1. The attorney-client evidentiary privilege to avoid compelled testimony applies to client communications with a lawyer  if (1) the relation of attorney and client existed at the time the communication was made, (2) the communication was made in confidence, (3) the communication relates to a matter about which the attorney is being professionally consulted, (4) the communication was made in the course of giving or seeking legal advice for a proper purpose although litigation need not be contemplated, and (5) the client has not waived the privilege.  State v. McIntosh, 336 N.C. 517, 444 S.E.2d 438 (1994). 

Proposed 2015 Formal Ethics Opinion 9
Holding Out Non-Equity Firm Lawyers as “Partners”
October 22, 2015

Proposed opinion rules that lawyers who do not own equity in a law firm may be held out to the public by any appropriate designation, including “partner,” provided the criteria for holding out the lawyer by the designation is legitimate, the designation is not misleading, and the lawyer complies with the professional responsibilities arising from the designation.


ABC Law Firm is a North Carolina professional corporation. Three lawyers, A, B, and C, are shareholders in the firm and own all of the equity of the firm. In the firm’s communications, Lawyers A, B, and C are held out as “partners”; internally at the firm, they are referred to as “equity partners.”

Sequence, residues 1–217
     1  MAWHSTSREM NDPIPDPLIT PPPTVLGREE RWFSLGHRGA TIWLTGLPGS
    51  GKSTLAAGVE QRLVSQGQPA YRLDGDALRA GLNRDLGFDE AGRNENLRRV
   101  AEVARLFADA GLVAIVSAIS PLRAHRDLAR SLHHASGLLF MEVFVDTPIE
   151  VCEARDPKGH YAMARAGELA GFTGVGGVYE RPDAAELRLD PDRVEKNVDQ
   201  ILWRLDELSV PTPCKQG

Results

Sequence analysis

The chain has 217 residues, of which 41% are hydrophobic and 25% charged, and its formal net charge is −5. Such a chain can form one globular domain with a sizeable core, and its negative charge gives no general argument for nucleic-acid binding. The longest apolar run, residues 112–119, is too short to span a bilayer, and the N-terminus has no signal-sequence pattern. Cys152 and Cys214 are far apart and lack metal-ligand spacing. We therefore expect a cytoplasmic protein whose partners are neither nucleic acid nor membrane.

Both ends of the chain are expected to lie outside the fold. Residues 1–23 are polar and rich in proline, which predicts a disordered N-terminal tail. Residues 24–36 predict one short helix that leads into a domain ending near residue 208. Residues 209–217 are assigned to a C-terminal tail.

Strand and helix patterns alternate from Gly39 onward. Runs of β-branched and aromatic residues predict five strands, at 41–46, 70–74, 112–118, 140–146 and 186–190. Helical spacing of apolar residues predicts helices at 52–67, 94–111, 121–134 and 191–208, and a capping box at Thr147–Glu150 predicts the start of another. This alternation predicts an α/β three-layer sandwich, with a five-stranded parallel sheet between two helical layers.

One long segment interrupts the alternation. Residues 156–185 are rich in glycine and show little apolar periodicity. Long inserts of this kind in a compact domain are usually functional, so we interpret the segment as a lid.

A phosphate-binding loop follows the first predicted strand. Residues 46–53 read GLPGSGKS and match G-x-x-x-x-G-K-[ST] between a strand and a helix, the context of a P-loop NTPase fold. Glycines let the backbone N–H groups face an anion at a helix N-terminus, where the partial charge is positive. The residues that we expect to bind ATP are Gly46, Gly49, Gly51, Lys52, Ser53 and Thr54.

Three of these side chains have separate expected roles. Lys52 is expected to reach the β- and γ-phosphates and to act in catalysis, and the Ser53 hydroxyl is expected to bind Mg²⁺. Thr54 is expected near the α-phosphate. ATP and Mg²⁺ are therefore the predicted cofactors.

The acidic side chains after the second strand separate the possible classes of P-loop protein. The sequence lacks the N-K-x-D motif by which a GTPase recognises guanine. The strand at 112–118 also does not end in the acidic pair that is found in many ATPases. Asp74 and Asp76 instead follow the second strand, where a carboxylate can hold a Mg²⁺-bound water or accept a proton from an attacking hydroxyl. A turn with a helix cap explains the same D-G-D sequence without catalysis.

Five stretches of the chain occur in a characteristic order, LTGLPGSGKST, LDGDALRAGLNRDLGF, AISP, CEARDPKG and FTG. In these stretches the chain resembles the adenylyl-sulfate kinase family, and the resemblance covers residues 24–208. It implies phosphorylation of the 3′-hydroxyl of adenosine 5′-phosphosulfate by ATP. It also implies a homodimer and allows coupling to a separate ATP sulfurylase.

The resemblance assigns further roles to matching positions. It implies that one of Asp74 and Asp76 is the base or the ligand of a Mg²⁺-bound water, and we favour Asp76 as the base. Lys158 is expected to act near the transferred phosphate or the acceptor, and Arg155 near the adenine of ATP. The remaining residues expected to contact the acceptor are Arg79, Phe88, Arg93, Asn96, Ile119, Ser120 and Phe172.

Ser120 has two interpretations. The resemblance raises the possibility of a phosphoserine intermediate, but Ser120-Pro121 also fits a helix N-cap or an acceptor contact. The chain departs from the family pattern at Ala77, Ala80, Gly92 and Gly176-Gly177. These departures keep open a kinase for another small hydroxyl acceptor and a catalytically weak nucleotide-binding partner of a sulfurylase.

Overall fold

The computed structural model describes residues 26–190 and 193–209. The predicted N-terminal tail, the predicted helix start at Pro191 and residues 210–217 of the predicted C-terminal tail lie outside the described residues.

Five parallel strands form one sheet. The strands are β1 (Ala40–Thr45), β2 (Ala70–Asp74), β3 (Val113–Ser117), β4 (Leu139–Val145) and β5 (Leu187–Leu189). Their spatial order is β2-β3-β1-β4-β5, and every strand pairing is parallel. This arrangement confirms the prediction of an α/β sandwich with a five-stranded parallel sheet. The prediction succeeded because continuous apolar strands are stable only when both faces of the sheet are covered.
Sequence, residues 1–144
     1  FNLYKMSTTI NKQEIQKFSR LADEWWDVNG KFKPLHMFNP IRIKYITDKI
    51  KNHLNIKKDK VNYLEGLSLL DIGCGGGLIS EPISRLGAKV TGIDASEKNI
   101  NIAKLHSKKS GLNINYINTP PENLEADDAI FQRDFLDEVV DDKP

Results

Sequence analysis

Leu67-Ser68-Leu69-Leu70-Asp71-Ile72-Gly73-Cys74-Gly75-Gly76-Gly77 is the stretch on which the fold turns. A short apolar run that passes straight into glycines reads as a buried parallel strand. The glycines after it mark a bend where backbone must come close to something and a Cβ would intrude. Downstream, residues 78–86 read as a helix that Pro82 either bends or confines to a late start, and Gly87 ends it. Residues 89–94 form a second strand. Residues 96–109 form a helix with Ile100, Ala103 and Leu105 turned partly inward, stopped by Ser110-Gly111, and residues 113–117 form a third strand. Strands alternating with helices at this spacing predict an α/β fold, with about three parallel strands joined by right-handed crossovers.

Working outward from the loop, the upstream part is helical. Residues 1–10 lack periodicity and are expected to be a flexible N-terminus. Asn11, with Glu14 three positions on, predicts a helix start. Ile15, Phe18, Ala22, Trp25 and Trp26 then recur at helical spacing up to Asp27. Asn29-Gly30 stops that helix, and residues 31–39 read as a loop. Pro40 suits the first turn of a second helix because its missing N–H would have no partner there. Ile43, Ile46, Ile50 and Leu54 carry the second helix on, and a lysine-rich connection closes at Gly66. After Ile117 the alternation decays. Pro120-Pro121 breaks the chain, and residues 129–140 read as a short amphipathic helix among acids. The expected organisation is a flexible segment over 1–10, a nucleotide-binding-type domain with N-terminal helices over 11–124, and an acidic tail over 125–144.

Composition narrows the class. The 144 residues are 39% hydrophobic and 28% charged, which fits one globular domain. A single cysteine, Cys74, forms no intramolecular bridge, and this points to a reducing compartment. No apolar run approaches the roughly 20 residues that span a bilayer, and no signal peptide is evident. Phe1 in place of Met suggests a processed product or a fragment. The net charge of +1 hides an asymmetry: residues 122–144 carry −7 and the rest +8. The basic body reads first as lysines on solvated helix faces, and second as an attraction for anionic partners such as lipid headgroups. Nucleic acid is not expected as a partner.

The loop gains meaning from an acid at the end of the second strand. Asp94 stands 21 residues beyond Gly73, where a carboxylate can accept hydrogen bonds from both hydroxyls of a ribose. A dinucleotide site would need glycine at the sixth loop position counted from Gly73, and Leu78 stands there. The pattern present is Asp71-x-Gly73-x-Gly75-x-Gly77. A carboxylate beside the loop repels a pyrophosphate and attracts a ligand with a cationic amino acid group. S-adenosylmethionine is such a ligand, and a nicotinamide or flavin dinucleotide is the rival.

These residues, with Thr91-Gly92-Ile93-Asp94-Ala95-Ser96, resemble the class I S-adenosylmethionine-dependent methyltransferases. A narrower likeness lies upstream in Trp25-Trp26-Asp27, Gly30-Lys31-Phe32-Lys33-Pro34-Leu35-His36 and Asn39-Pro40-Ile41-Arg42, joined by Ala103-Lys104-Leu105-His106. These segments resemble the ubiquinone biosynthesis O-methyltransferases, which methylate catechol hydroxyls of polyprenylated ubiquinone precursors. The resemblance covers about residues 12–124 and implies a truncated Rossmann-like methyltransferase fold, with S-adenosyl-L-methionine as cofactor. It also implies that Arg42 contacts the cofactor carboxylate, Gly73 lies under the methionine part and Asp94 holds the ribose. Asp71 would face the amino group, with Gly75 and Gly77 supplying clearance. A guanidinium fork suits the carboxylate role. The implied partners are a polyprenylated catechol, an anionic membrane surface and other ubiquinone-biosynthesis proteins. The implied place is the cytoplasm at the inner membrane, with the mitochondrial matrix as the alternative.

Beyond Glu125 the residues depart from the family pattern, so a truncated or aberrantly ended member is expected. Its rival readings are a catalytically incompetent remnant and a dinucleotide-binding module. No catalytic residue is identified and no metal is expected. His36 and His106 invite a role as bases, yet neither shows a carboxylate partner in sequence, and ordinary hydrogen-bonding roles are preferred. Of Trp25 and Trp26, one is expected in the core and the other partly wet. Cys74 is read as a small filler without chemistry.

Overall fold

Lawyers E and F also work for the firm, but they do not own any interest in the firm and are not shareholders. However, Lawyers A, B, and C consider Lawyers E and F to be “partners in every sense of the word except actual ownership.” Lawyers E and F have the authority to bind the firm and to sign opinion letters on behalf of the firm, but they do not vote on matters of corporate governance. Within the firm, Lawyers E and F are referred to as “income partners.”

The firm would like to hold Lawyers E and F out to the public as “partners” or “income partners.” May the firm do so?


Yes. A law firm may use whatever designation it chooses to identify its lawyers in external and internal communications provided the criteria for holding a lawyer out by a certain designation is legitimate and the designation is not misleading in violation of Rule 7.1. Rule 1.7(a)(1) states that a communication is false or misleading if it “contains a material misrepresentation of fact or law, or omits a fact necessary to make the statement considered as a whole not materially misleading.” Any firm lawyer who is identified as a “partner” shall be held to the professional responsibilities in the Rules of Professional Conduct that arise from that designation. See, e.g., Rule 5.1.